bridges to an fxp/dot1q and I peel off a few vlans for special treatment
on the openbsd box. (gif, etc)

It doesn't help having vendors do silly things like that tho.


cheers,
--
jason

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Re: vlan(4), native vlan/vlan1, OpenBSD v.s. NetBSD behavior

Brad Smith-14
In reply to this post by Mike Belopuhov
On Thu, Dec 15, 2005 at 12:45:55AM +0300, Mike Belopuhov wrote:

> On Wed, Dec 14, 2005 at 16:02 -0500, Brian A. Seklecki wrote:
> > $ sudo tcpdump -n -i xl0
> > 15:01:05.562906 arp who-has 10.0.0.1 tell 10.0.0.3
> > 15:01:07.562869 arp who-has 10.0.0.1 tell 10.0.0.3
> > 15:01:08.293927 arp who-has 10.0.0.2 tell 10.0.0.3
> > 15:01:08.293905 10.0.0.2 > 10.0.0.3: icmp: echo request
> >
> > -bash-3.00$ ifconfig xl0
> > xl0: flags=8943<UP,BROADCAST,RUNNING,PROMISC,SIMPLEX,MULTICAST> mtu 1500
> >         address: 00:50:da:28:37:7f
> >         inet 10.0.0.3 netmask 0xfffffff8 broadcast 10.0.0.7
> >
>
> AFAIR, some (or most/all?) xl NICs do not support ethernet frames of
> length more than MTU. So 802.1q packets just couldn't be processed.
>
> And Intel ones (which are supported by the fxp(4) driver) do support
> such long frames.
>
> Sorry, if I mistaken.

You're mistaken. xl(4)'s with OpenBSD can support VLAN sized frames.

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Re: vlan(4), native vlan/vlan1, OpenBSD v.s. NetBSD behavior

Chris Cappuccio
In reply to this post by Brian A. Seklecki
You guys are making a simple mistake...  Brian, your static ARP entries
are a hack!

Vlan 1 is meaningless.  Most vendors use vlan 1 to refer to _untagged_
traffic.  However, when you create a vlan interface with OpenBSD, it is
always tagged, even if the id happens to be 1.  Your switches will never
generate traffic with a tag of 1.

The OpenBSD nomenclature for an untagged packet is to have that
IP address on the parent interface.  So, to utilize "vlan 1" you need to
put that IP address on the parent interface, not on a vlan with id of 1.

If you can, it's nice to move your management "networks" to vlans other than
1 so they are actually tagged.  That way, you are explicitly joining everything
that wants to talk on the management vlan, and there aren't going to be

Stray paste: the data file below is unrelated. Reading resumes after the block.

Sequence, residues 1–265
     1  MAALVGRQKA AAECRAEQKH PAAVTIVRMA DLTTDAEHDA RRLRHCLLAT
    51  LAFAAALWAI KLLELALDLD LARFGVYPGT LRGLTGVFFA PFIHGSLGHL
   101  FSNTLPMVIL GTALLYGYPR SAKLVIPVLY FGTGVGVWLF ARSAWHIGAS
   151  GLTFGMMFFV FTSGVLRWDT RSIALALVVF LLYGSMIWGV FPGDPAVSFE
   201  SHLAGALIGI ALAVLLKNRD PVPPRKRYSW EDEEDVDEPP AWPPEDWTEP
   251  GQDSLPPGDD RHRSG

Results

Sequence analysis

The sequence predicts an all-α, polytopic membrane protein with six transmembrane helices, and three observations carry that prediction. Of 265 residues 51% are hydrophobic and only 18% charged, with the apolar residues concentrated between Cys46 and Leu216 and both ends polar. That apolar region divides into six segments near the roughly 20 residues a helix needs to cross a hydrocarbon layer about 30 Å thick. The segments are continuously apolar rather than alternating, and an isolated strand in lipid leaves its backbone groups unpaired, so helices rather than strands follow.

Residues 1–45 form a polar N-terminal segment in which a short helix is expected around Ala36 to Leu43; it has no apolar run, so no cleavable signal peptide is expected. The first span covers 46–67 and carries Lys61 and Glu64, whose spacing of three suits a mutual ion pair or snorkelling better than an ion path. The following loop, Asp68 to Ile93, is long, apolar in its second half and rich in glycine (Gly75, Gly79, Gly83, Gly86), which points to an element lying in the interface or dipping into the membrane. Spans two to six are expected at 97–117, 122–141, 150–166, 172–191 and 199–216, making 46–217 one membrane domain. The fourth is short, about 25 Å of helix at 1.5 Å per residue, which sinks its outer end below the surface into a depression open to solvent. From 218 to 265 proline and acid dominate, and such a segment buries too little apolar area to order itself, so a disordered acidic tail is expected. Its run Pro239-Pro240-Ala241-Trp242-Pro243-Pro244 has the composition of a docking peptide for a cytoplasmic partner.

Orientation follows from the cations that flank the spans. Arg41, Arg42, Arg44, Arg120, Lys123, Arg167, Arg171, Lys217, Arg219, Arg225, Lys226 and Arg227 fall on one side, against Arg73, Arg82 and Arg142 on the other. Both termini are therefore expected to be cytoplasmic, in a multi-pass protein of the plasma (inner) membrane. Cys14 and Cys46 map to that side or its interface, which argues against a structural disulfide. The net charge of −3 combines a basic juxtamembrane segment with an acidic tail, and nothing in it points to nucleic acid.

random devices joining the management vlan that you didn't explicitly put
there.  (Naturally, it's rather easy to misconfigure any switch on any part
of your network to pass untagged traffic.)

Brian A. Seklecki [[hidden email]] wrote:

> On Thu, 15 Dec 2005, Mike Belopuhov wrote:
>
> >AFAIR, some (or most/all?) xl NICs do not support ethernet frames of
>
> That's strange, because I just got OpenBSD to perform like my NetBSD
> config by forcing ARP entries everywhere.  ARP on VLAN1 is definately
> broken in this config:
>
>
> Physical IF tcpdump:
> 16:09:11.913598 802.1Q vid 1 pri 0 10.0.0.3 > 10.0.0.2: icmp: echo reply
> 16:09:11.913584 10.0.0.2 > 10.0.0.3: icmp: echo request
>
> Replys:
>
> Vlan1 tcpdump:
> 16:10:16.754775 10.0.0.3 > 10.0.0.2: icmp: echo reply
> 16:10:16.759987 10.0.0.3 > 10.0.0.2: icmp: echo reply
>
> obsd# arp -an
> ? (10.0.0.2) at 00:02:fd:0e:f3:80 on vlan1 static
>
> bs1#sh run | include arp
> arp 10.0.0.3 0050.da28.377f ARPA
>
> bs1# sh arp
> Internet  10.0.0.2                -   0002.fd0e.f380  ARPA   VLAN1
>
> bs1#sh mac-address-table  address ?
>   H.H.H  48-bit hardware address
>
> bs1#sh mac-address-table  address 0050.da28.377f
> Non-static Address Table:
> Destination Address  Address Type  VLAN  Destination Port
> -------------------  ------------  ----  --------------------
> 0050.da28.377f       Dynamic          1  FastEthernet0/24
> 0050.da28.377f       Dynamic         20  FastEthernet0/24
>
> bs1>ping 10.0.0.4
>
> Type escape sequence to abort.
> Sending 5, 100-byte ICMP Echos to 10.0.0.4, timeout is 2 seconds:
> !!!!!
> Success rate is 100 percent (5/5), round-trip min/avg/max = 1/3/6 ms
>
> seklecki@br1: ~# ping 10.0.0.2
> PING 10.0.0.2 (10.0.0.2): 56 data bytes
> 64 bytes from 10.0.0.2: icmp_seq=0 ttl=255 time=1.299 ms
>
>
> ~BAS
>
> >length more than MTU. So 802.1q packets just couldn't be processed.
> >
> >And Intel ones (which are supported by the fxp(4) driver) do support
> >such long frames.
> >
> >Sorry, if I mistaken.
> >
>
> l8*
> -lava
>
> x.25 - minix - bitnet - plan9 - 110 bps - ASR 33 - base8

--
"You were about to change the channel when God healed you" -- Benny Hinn